Short Papa got up from the table, loosened his suspenders under his suit coat, felt in his breast pocket as he kept clearing his throat, and then sat down again as he said, "Matter of fact, Les, I have brought you a little something. But first you best take this plate back to the kitchen, for you know how fussy your Ma is about dirty dishes standing around."     

I rushed with the plate back to the kitchen and on the double back to Short Papa, and sat down beside him on a little taboret which we use for sitting on.     

"I want you to promise me, though, you won’t lose it after I give it to you," Short Papa said solemnly.     

I promised.     

"Cross your heart and all that." Short Papa sort of grinned, but I knew he was dead serious and wanted me to be.     

"Cross my heart, Papa."     

"All right, Lester, Then here it is."     

He handed me a great, really heavy gold watch with a massive chain a-hanging from it.     

"Don’t you worry now, Les. It is not stolen. It is your great-grandpa’s watch. All during my most recent trouble I kept it in a safety deposit vault over at Moortown. I got behind on the annual rent payments when I was in jail, but the bank trusted me, Les, and they kept it. I have paid up for the arrears and this watch is yours. It has been in the family for well over a hundred years, you can count on that."     

I was not really glad to get the watch, and yet I wanted it too. I wanted also to show Short Papa I was grateful, and so I hugged and kissed him. His eyes watered a little and he turned away from me, and then he laughed and slapped my shoulder several times.     

"Keep it in a safe place, Les, for beyond what it’s worth, which ain’t inconsiderable, it’s your old pa and his pa, and his pa before him that owned it. Understand? ‘Course you do—"     

After Short Papa left, I sat for a long time on the back porch listening to my watch tick. It had a powerful beat to it. From behind me I could hear Ma talking with Sister Ruth about the dress they were making for her wedding. Ruth was going to be married in June.     

I considered how Short Papa’s sudden arrival and departure had made no impression on them. He might as well have been the man who comes to collect the old papers and tin cans. Yet he was Ruth‘s father too.     

"You take my word for it, Les, things are going to be hunky-dory one day for all of us again."     

That was what Pa had said to me as he slipped out the back way in the gathering darkness, and like the ticking of my watch those words kept pounding in my ears.     

Ma had made me ashamed of Papa, always reminding me of the many times he had been sent to jail for a short stretch (hence his nickname), and once out, he would only be sent back again, and so on and so forth, but there was now something about the way this watch ticking away in my possession made me feel not only different about Papa and his pa and his pa before him, I felt for the first time I was connected with somebody, or with something. I felt I had a basis, you see. But I didn’t want anybody to know I had the watch, and I also felt that I would never see Short Papa again, that he had come back, so to speak his piece and be gone for good.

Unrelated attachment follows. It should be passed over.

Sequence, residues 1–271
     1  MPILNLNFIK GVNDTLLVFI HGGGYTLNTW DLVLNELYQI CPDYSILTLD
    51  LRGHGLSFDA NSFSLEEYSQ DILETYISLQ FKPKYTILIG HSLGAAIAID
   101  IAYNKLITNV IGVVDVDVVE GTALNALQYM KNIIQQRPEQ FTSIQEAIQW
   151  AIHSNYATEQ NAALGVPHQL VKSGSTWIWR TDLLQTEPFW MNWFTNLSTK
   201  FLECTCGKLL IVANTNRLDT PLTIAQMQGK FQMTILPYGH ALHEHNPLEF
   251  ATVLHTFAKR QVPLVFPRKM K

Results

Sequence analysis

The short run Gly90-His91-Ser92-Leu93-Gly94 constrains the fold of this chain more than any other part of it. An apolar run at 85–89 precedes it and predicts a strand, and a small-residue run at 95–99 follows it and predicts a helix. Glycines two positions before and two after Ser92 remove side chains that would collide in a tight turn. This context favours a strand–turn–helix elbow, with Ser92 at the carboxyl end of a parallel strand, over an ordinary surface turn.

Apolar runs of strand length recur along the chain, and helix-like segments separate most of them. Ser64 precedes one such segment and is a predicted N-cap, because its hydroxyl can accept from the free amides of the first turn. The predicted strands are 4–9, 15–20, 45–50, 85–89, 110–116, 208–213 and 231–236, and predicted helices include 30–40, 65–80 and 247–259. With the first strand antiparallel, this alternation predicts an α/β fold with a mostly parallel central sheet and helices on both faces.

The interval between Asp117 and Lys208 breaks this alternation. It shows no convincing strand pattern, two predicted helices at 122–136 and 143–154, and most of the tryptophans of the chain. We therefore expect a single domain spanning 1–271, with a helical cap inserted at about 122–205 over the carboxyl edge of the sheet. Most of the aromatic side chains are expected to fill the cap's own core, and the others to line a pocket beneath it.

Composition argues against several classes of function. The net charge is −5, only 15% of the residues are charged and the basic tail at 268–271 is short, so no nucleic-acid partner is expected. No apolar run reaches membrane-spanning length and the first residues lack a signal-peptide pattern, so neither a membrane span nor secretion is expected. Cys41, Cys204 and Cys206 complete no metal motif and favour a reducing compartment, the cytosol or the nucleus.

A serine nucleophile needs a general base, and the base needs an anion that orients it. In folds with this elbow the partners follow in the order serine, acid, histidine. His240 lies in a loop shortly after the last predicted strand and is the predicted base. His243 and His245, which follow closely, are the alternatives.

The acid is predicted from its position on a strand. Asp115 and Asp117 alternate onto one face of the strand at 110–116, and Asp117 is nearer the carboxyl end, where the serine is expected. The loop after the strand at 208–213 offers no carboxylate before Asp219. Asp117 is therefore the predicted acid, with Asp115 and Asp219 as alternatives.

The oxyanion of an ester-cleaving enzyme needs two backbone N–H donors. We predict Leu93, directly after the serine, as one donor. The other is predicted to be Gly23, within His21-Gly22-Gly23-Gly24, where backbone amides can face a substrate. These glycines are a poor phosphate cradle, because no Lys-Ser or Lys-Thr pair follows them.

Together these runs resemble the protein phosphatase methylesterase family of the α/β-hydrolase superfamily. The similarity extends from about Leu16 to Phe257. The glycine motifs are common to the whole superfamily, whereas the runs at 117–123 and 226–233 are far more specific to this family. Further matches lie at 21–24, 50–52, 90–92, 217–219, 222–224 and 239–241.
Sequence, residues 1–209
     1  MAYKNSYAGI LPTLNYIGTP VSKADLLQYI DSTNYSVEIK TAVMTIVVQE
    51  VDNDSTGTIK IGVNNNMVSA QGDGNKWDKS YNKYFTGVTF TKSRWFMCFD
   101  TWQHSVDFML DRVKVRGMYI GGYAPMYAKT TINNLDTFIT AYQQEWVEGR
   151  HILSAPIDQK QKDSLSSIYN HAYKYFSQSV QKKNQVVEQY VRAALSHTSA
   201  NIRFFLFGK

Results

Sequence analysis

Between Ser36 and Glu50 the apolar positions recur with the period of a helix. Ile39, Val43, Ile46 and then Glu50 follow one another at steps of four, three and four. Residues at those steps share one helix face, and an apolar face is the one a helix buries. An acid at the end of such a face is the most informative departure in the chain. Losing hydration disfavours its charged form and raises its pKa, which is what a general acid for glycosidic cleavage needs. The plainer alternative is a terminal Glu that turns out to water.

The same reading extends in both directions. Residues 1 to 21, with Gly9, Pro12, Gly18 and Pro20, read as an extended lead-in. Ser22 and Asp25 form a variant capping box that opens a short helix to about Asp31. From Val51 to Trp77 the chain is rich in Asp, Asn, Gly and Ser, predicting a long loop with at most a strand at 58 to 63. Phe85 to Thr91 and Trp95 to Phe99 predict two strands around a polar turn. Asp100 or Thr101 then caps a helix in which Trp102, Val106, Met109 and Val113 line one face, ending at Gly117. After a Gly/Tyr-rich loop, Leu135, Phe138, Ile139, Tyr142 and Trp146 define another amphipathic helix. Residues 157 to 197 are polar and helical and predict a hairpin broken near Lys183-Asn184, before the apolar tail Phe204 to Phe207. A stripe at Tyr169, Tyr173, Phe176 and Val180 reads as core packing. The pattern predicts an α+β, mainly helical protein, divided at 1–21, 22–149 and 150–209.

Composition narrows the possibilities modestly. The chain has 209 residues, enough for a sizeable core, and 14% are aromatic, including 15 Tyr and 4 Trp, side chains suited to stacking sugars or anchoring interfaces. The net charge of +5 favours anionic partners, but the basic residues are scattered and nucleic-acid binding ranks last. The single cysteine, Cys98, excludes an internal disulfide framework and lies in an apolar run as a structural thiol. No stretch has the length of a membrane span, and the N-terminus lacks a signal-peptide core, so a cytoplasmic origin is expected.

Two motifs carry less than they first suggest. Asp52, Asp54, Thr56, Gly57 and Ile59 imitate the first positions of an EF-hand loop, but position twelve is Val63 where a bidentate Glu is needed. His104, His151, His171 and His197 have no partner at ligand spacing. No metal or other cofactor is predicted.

As a result I felt awful crushed that Short Papa had been entertained so miserly by Ma, being fed on the back porch like a tramp, and then dismissed. But then Ma’s attitude towards Pa was hard to fathom, for though she never wanted any more to do with him she never said anything about getting a divorce. She just didn’t want any more men around, for one thing, and then, as she said, why go to the bother of divorcing somebody when you was already divorced from him for good and all….     

I kept the watch under my pillow at night, and I wound it cautiously and slow twice a day, like he had instructed me, and I never let it out of my sight whilst I was awake, keeping it with me at all times. I could not imagine being without it ever now.     

After a couple to three months of this great care with his watch, and to tell the truth getting a little weary sometimes with the worry and guardianship bestowed on it, the polishing and keeping it when unused in its own little cotton case, and also seeing it was hid from Ma, for I feared she might claim it away from me for what Pa owed her, I remember the time it happened: It was an unsteady spring afternoon, when it couldn’t make up its mind whether it was still winter or shirt-sleeves weather, and I had gone to the Regal Pool Parlors to watch the fellows shoot pool, for at this time their hard-fast rule there was that nobody under sixteen was allowed to play, but you could be a spectator provided you kept your mouth shut.     

Absorbed in the games and the talk of the older fellows, before I was aware of it all the shadows had lengthened outside and the first street lights had begun to pop on, and so then almost automatically I began to lift the chain to my watch, and as I did so I was all at once reminded of another time further back when Short Papa had been teaching me to fish and he had said nervously: "Pull up your rod, Les, you’ve got a bite there!" And I had pulled of course and felt the rod heavy at first and weighted but then pulling harder I got this terrible lightness, and yanking the pole to shore there was nothing on the hook at all, including no bait neither. And pulling now on the watch chain I drew up nothing from my pocket. My watch was gone. I got faint-sick all over. I was too shaky in fact to get up and start looking. I was pretty sure, nonplussed though I was, that I had not lost it here in the Regal Pool Parlors, but I went over to BudHughes the manager, who knew me and my family. and told him.